TIP #1: SIGNS OF RESOURCE GUARDING
Ever had a dog who won't give you his bone or chew toy if you try to take it from him? Or one who gets uncomfortable or growls if you get close to him when he's eating his dog food? Or snaps at you if he's on the sofa and you want him off? Or lifts his lip in a snarl if your friend tries to get close to you?
Answer yes to any of the above, and you've successfully diagnosed your dog as having a guarding issue. The catch-all, technical term is "resource-guarding," and can include guarding of dog food bowls (or food), place (dog crate, dog bed, sofa, etc.) items (rawhide, bones, balls, tissues, etc.) and less commonly, people.
Resource-guarding simply means that a dog gets uncomfortable when we (or other animals) are around him when he has "his stuff." He's nervous that we're going to take it away, so he tries to warn us off in a variety of ways, ranging from simply consuming his food faster, to an all-out bite. Trainers often hear the cry, "he bit without warning!" More often than not, there was a warning, somewhere, sometime - we just missed it.
During resource-guarding, dogs exhibit components of ritualized aggression. That is, they have a fairly explicit hierarchy of warnings - accelerated eating, cessation of eating or "freezing up," glassy/hard eyes, growling, lip lifting, snapping, biting - that they'll run through to get a competitor (YOU!) to back away from what they have. They're nervous that you're there and don't want to share.
If you believe you have a resource guarder please contact a competent, force free trainer to help you.
- Whole Dog Journal
TIP #2: SLOW DOWN YOUR TASMANIAN DEVIL
You contemplate taking your dog for a walk with mixed emotions. You love the idea of going for a companionable stroll through the neighborhood together, but when you pick up his leash he becomes the Tasmanian Devil.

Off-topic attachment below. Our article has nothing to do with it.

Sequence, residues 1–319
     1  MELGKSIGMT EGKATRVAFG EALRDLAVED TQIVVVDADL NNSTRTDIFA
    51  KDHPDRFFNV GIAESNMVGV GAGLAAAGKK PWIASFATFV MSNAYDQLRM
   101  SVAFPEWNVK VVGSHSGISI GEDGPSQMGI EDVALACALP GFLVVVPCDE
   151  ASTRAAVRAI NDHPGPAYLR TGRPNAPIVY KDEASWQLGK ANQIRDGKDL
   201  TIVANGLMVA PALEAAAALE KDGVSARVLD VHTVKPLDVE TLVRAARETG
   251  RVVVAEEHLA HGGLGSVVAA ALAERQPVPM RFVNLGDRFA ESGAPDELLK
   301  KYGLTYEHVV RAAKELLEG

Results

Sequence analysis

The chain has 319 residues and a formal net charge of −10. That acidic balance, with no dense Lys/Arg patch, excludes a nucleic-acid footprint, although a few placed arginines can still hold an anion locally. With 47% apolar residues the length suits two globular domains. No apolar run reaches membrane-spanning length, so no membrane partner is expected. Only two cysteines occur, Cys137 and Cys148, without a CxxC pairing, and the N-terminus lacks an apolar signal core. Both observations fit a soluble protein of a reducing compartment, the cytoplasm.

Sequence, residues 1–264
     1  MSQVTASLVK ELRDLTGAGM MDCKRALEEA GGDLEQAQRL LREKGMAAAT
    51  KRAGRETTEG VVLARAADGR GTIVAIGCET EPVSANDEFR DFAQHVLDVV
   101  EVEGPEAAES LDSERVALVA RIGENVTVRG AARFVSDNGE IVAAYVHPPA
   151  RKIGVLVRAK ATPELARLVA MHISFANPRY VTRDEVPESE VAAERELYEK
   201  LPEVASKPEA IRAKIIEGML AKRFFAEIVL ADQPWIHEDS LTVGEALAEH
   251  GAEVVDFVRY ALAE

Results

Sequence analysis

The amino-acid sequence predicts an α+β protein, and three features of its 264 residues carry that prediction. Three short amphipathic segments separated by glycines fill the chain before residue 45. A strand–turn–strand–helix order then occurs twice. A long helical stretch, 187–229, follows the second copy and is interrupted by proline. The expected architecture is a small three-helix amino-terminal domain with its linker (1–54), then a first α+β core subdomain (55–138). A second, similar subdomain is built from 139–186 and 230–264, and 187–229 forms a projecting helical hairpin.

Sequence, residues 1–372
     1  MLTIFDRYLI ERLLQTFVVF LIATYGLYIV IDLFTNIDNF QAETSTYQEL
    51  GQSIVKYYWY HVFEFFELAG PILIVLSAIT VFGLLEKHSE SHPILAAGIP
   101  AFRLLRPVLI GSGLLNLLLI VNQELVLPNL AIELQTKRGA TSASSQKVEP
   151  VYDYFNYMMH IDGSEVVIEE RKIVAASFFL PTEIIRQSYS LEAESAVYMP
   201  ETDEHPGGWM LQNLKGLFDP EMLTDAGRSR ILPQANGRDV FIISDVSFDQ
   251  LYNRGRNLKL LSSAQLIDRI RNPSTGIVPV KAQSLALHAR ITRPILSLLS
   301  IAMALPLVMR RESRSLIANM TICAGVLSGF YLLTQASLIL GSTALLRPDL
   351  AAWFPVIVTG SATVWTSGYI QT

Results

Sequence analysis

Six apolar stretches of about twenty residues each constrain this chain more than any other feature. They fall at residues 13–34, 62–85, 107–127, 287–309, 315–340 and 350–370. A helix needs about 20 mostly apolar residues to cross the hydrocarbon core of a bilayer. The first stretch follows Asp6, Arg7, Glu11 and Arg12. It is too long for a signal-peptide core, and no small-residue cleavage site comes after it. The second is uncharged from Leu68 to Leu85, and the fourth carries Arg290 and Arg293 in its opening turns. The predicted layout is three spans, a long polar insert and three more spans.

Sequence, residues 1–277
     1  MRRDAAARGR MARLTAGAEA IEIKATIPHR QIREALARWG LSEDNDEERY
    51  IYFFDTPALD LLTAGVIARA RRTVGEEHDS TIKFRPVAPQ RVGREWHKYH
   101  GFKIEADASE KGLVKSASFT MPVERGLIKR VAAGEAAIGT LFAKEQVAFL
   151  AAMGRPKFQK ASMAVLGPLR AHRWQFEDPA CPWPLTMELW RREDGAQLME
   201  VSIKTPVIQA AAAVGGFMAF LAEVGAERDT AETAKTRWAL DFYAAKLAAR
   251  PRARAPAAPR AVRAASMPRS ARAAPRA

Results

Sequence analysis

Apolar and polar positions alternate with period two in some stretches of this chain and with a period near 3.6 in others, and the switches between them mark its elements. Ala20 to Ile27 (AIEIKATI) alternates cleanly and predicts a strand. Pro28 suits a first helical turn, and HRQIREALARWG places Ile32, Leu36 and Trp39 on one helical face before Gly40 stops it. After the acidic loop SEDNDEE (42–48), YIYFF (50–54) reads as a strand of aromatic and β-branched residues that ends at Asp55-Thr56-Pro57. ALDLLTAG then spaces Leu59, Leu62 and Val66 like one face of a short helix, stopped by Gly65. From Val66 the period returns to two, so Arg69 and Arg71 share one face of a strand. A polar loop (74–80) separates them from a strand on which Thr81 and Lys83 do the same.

Here are suggestions for turning this potential disaster into the enjoyable outing you dream of. Exercise first. Spend 15-20 minutes tossing a ball for your dog in the backyard, or providing intense mental exercise with a heavy duty shaping session. You'll take the edge off his excitement, reduce his energy level, and make leashing-up and walking more relaxed and enjoyable for both of you.
Pick up his leash throughout the day. He gets amped up when you touch his leash because it always means the two of you are going for a walk. If you pick up his leash numerous times throughout the day, sometimes draping it over your neck and wearing it for a while, sometimes carrying it from room to room, sometimes picking it up and putting it back down, the leash will no longer be a reliable predictor of walks, and he won't have any reason to get all excited about it.
If, when you pick up the leash, he goes bonkers (the behavior you don't want), say "Oops" or "Too Bad" in a cheerful tone of voice (what's known as a "no reward marker," it simply tells him no reward is forthcoming), set the leash down, and walk away. When he settles down, pick the leash up again. You're teaching him that getting excited makes the opportunity for a walk go away; staying calm makes walks happen.
- Whole Dog Journal
Jeff Dentler, CPDT-KA, FFCP, CTDI